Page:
FROM TREVOR MCCALL-PEAT & VILLIERS STEYN
We left on drive yesterday afternoon and decided to head to the south eastern corner of our traverse, in search of a pair of mating leopards that were seen in the morning. The bush had other plans for us… On our way, our Ranger spotted something on a termite mound in the distance. On closer inspection, it turned out to be a leopard. It was Tamba, Thandi’s youngster.
He posed beautifully for us and allowed our guests to get some brilliant images of him as he lazed around on the termitarium. He looked this way and that way and yawned half a dozen times. He then made his way to a nearby dam and lay on the dam wall before heading to the water’s edge to drink. Everyone managed to bag some great shots of a really character filled little leopard. He moved into some thickets and we left him.
We carried on towards Kudu Corner but did not find any signs of the mating leopards but had a wonderful elephant encounter. We stopped at Second Rock for a drinks break and group photo while the sun set stunningly around us before heading north west back to the lodge. On the way we bumped into the two Birmingham Boys we had seen earlier yesterday morning. They were walking straight towards the lodge and allowed us to get multiple shots of them as they walked through the dusty roads towards us. They ended up right in from of the lodge where we had a brief chance to get some rim lighting shots of them as they lay in the dry dam.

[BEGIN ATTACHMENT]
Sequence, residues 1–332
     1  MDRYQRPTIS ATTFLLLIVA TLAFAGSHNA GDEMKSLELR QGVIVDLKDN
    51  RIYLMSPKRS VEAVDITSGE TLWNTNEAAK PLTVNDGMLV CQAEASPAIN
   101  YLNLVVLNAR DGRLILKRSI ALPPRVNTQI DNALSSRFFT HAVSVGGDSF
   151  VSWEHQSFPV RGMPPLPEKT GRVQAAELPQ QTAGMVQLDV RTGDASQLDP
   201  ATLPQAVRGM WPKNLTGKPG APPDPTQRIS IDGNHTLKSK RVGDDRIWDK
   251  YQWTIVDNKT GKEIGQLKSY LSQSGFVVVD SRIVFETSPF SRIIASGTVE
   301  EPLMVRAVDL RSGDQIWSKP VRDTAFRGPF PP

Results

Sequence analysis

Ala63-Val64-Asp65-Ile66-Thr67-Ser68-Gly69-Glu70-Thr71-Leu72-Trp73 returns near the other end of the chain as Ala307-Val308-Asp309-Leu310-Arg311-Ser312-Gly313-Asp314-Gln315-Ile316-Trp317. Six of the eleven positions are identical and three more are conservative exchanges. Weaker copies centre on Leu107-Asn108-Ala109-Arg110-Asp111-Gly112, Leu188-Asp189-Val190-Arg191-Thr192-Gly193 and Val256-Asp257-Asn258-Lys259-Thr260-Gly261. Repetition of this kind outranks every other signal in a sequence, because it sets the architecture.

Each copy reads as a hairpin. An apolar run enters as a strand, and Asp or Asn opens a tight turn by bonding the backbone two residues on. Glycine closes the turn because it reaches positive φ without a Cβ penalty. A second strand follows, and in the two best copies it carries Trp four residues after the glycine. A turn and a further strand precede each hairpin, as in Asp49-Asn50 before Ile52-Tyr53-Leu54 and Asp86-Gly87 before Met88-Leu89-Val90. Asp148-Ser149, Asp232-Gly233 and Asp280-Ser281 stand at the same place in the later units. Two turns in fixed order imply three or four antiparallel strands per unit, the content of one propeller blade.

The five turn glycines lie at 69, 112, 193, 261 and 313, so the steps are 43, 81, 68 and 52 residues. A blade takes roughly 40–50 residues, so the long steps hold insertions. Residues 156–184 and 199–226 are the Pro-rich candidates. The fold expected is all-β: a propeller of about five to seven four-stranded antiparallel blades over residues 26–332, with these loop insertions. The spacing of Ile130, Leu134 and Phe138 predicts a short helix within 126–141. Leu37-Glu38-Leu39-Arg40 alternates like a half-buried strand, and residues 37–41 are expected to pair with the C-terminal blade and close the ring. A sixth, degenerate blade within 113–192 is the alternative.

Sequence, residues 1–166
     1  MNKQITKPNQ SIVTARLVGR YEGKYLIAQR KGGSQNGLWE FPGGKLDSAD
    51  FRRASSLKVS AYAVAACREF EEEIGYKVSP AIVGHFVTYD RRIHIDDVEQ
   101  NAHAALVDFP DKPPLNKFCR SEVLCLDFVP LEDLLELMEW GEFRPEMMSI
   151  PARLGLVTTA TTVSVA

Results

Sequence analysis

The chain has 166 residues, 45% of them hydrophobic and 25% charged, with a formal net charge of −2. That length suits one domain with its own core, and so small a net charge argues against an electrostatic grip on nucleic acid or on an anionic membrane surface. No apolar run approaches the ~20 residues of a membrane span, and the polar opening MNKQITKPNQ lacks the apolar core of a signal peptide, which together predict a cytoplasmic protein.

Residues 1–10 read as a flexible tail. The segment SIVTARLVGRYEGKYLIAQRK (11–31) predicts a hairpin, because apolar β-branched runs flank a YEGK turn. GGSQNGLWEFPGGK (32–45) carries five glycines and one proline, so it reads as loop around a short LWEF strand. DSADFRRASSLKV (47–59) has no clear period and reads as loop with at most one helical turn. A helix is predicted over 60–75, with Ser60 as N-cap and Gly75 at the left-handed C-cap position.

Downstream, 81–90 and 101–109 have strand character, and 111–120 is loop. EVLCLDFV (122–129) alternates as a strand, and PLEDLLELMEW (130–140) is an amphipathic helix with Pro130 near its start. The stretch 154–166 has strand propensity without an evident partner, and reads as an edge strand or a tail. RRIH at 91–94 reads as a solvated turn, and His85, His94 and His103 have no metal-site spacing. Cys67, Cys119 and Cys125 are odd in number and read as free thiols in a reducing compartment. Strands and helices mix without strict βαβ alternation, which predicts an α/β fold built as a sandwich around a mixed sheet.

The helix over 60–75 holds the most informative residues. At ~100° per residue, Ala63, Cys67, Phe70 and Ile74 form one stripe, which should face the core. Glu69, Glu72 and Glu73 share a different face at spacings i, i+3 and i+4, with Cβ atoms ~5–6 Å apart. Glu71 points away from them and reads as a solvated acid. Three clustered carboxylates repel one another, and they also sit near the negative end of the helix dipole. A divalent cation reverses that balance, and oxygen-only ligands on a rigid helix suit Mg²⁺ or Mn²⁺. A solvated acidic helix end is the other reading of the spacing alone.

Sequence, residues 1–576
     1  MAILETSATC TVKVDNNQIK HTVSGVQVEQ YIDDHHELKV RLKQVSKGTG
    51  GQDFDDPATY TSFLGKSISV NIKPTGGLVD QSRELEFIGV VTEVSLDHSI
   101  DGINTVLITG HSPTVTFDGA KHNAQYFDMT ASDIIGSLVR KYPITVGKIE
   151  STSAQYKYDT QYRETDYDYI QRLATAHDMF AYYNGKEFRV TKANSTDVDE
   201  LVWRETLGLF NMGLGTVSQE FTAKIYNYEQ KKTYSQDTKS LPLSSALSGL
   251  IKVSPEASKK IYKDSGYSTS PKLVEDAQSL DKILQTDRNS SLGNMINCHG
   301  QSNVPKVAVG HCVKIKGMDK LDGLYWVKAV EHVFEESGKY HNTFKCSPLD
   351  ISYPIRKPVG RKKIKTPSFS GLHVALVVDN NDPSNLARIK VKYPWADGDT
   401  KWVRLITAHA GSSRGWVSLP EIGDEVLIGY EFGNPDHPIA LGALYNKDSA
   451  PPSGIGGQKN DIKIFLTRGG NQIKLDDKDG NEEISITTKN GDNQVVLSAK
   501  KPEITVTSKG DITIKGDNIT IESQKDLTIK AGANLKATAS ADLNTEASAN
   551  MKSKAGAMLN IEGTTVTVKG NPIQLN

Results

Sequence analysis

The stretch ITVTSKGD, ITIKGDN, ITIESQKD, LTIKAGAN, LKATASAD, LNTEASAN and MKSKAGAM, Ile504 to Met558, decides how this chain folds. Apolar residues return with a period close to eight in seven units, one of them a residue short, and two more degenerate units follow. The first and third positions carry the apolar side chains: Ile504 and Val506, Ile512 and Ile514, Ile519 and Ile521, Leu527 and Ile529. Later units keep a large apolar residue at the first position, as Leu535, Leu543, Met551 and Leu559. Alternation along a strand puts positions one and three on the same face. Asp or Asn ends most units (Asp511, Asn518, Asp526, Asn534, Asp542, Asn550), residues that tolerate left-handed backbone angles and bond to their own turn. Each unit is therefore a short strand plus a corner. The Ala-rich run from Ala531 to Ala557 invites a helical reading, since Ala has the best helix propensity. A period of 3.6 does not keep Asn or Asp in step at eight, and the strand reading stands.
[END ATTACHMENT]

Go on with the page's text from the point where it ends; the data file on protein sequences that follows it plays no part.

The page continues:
During the night, and this morning while we drank coffee, we could hear the calls of male lions. Our Ranger believed that they were far north west of the lodge and we headed in that direction. It was a misty morning in the Lowveld and everyone soaked up the eerie landscape as we drove. We found one of the male lions in the open close to a dam. He posed gracefully for us in the early morning light. We followed him as he was very active, contact calling and following scents in the bush. He stopped and gave us an almighty roar which was, as always, an epic experience.
We could hear another male calling nearby and the male we were following headed in the direction of the calls. He stopped briefly for a drink, before marching towards the Manyeleti boundary and crossing into the neighbouring reserve. We stopped to have a hot cup of coffee and some rusks, a welcome respite from the cold, and then slowly made our way back to the lodge for brunch. After brunch we plan to work through our guests’ photographs and assist them with post-processing and any digital photography questions.